Bebop Jazz and its Influence

12 December 2017

Bebop was a revolutionary sound that captivated the audience due largely to the new found creative freedom of musical expression allowed by extensive improvisation. According to John Andrews (1998), “Bop marked the point at which both the musicians and their audience came widely conscious that Jazz was an art form. Andrews also goes on to mention that bebop’s mall focus was for people to seriously listen, instead of dancing. After bebop other styles of Jazz developed, such as progressive Jazz, cool jazz, and hard bop. These three styles of Jazz, In the pollen of many people, imparted a substantial influence on current jazz, and will likely impact future generations as well.

Bebop is a style of Jazz developed in the early sass as a means to revolt against big band music. Big band music required large groups of players. As a consequence, the musicians were required to follow simpler, highly structured, written arrangements.At the time, many musicians resented the lack of freedom to improvise and the reliance upon written arrangements, so they created bebop, a new style of Jazz. Bebop was vastly deferent than swing band music. It had faster tempos, complex harmonies, elaborate melodies and a rhythm section. According to _America’s Musical Landscape-? a typical bebop combo consisted of a trumpet, saxophone, double bass, piano, and percussion.

Due in part to the smaller number of performing Caucasians, bebop music allowed for more freedom of expression and imagination than in big band music.Improvisation was a key feature. While much of big band music was designed to indulge the audience’s desire to dance, bebop Jazz is for people who want to sit down and listen to the music. At first, many people enjoyed listening to bebop simply because it was something new and exciting. However, many people, particularly musicians, prefer bebop because of its sophistication and complexity. Some Jazz musicians felt they needed something different and preferred to play bebop Instead of swing Jazz to demonstrate their improvisational skills.Musicians such as saxophonist, Dizzy Gillespie; trumpeter, Charlie Parker; and plants, Theologies Monk; stand out as examples of creative giants who through their virtuosity, were able to achieve an innovative sound that wound into their musical presentations, more important than dancing or chatting over simple background music.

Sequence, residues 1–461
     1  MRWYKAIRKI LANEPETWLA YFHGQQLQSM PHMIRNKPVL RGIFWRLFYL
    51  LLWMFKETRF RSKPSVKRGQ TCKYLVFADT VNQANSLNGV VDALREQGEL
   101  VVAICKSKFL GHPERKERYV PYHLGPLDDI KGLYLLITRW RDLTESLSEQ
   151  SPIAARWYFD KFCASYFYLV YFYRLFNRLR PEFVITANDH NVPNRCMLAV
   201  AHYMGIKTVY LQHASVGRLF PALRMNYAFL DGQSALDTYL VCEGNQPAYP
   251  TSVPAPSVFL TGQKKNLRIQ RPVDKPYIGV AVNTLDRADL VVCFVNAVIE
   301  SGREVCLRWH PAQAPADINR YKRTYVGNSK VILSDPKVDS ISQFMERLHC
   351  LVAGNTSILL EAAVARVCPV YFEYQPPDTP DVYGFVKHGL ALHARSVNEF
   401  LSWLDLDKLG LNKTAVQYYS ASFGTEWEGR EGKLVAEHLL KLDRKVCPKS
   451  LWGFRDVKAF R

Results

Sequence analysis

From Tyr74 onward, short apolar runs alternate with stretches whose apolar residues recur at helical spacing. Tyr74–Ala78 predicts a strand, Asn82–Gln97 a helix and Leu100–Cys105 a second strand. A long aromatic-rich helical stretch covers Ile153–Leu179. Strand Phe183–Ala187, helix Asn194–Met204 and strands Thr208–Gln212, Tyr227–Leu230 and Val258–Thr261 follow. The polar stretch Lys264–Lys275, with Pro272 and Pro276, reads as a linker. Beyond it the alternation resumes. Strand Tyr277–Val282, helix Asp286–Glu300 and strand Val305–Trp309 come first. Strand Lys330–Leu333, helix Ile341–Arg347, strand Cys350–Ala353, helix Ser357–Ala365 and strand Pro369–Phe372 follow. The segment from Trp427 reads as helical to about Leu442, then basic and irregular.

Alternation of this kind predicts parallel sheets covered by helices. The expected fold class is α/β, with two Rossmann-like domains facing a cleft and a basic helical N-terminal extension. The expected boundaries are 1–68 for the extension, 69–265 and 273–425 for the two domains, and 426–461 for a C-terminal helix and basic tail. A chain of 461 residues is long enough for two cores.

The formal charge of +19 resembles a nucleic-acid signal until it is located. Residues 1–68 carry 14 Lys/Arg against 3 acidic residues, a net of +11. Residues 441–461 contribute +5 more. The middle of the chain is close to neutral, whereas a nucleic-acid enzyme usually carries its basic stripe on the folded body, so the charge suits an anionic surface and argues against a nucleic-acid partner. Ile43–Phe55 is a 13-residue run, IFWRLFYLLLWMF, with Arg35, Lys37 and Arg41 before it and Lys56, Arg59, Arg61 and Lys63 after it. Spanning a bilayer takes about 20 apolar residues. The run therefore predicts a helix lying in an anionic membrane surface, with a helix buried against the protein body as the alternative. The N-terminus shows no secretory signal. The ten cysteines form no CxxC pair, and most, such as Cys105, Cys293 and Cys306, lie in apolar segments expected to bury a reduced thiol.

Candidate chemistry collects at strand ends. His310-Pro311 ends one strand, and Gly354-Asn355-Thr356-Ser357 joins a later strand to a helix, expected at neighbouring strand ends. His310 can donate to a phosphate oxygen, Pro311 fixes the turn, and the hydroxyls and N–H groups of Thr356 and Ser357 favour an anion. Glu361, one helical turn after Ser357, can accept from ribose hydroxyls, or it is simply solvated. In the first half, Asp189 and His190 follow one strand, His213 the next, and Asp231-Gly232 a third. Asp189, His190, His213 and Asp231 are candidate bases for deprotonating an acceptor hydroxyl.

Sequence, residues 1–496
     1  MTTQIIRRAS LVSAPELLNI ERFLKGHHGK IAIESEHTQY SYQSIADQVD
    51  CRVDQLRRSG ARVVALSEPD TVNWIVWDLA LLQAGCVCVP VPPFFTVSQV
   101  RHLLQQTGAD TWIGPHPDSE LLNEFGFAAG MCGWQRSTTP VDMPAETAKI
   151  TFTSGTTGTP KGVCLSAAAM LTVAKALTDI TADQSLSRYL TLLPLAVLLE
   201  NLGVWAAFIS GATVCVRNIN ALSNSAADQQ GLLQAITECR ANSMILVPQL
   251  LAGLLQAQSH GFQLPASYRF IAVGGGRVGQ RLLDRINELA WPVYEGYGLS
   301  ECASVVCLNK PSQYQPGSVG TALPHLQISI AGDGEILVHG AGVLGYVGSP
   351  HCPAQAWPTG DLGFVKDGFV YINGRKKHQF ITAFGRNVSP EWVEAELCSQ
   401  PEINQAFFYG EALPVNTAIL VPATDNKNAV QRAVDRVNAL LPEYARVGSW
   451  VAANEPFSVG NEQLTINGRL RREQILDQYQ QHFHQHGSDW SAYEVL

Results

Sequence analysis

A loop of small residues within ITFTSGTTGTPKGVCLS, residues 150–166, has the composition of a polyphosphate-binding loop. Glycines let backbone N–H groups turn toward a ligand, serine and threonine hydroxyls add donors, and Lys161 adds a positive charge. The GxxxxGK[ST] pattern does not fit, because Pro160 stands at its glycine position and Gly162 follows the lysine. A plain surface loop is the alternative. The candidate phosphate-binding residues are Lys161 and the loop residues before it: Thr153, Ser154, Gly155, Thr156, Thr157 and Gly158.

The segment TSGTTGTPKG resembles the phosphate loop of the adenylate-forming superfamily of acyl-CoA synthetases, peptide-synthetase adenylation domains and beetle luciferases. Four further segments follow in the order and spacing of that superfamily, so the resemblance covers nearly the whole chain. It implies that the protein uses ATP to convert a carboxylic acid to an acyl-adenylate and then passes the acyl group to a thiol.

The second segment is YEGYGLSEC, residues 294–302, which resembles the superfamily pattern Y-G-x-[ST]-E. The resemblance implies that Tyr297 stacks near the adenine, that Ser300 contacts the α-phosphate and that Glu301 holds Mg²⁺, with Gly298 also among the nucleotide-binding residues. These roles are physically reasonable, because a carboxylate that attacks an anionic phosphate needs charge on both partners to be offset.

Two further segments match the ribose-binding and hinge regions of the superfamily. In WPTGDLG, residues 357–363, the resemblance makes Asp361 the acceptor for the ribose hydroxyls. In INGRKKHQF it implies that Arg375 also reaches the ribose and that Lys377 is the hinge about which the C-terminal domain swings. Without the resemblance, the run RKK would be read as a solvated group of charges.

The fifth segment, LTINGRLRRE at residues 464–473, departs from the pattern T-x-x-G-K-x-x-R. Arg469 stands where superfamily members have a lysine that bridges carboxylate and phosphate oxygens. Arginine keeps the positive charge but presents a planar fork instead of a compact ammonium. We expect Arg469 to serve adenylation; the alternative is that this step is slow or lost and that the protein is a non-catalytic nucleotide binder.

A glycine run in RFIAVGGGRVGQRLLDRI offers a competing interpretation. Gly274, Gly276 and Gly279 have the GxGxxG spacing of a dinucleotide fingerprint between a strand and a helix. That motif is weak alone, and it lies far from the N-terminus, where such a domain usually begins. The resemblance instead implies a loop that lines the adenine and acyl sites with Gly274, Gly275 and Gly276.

In a way, bebop was a new genre unto itself, more akin to Jazz than big band music. Because it is essentially the basis for most contemporary Jazz styles, listeners will hear the enduring influence of bebop in most Jazz forms that have followed it.Progressive Jazz, cool Jazz, and hard bop are three styles to have evolved from bebop jazz. It is likely that these three Jazz styles, as well as others, embedded with the underlying roots of bebop will have an ongoing influence on future Jazz musicians. No one can speak for all musicians, many may prefer to play older well-established, classic Jazz, but certainly there are a substantial number of musicians that prefer playing the avian-garden styles, who will carry the flag of bebop for future generations.Bebop was a revolutionary and exciting sound that changed the world of Jazz in the ass’s and continues to influence Jazz styles today. At its advent, bebop was a way for jazz musicians to break away from the confines of big band music, which did not allow for much improvisation or freedom of musical expression.

Bebop pioneers such as Charlie Parker, Dizzy Gillespie, and Theologies Monk helped pave the way for other jazz musicians, allowing them to shed their restrictive chains of structured big band music and to elevate the level of improvisational genius that bebop allows.

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